Donald M. Murray's The Stranger In The Photo Is Me

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For the duration of his essay “The Stranger in the Photo is Me”, Pulitzer Prize-winning journalist and professor Donald M. Murray depicts his train of thought while flipping through an old family photo album. While describing his experience, Murray carries the reader through the story of his childhood, describing snapshots of some of his favorite memories growing up. Throughout the piece, he shifts back and forth between a family oriented, humorous tone and a nostalgic, regretful one and by doing so, he parallels the true experience of looking through a family photo album. Murray expresses a more serious tone while reflecting on a certain photograph of him in uniform from the beginning of World War II and goes on to explain how in his opinion, …show more content…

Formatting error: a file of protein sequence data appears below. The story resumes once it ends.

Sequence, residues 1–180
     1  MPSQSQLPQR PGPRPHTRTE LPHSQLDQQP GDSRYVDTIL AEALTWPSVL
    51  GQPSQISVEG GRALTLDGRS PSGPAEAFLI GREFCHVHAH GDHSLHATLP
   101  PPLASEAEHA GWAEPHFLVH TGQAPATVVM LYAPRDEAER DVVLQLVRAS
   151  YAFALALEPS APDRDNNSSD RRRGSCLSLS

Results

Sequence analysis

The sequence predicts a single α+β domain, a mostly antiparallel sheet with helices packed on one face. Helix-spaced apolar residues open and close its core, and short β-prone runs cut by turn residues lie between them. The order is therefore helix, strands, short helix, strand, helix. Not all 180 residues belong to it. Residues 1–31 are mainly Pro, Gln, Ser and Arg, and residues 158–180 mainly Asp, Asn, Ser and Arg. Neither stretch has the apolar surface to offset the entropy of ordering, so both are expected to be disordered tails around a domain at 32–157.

He achieves this by making a summarizing statement about how people over 60 tend to reflect on life and the impact of their decisions. He shifts his focus to the overall significance of the piece when he declares, “Over 60 we are fascinated by the mystery of our life, why roads were taken and not taken, and our children encourage this as they develop a sense of family history” (98-101). Murray conveys to the audience that people over 60 often have the tendency to reflect on major events in their life and attempt to discover a reason for why they made they the life choices that they made. This allusion calls the Frost poem to mind without mentioning it explicitly. The author utilizes the rhetorical device to conclude his writing and synopsize its significance. “Road Not Taken” is a renowned poem by a famous American poet containing a message about life’s choices that is familiar to most people. Donald M. Murray uses the notoriety of the poem’s message to his advantage by alluding to it. In doing so, he emphasizes the similar message of his essay about how innocence causes blind decision making and the way in which people look back on those

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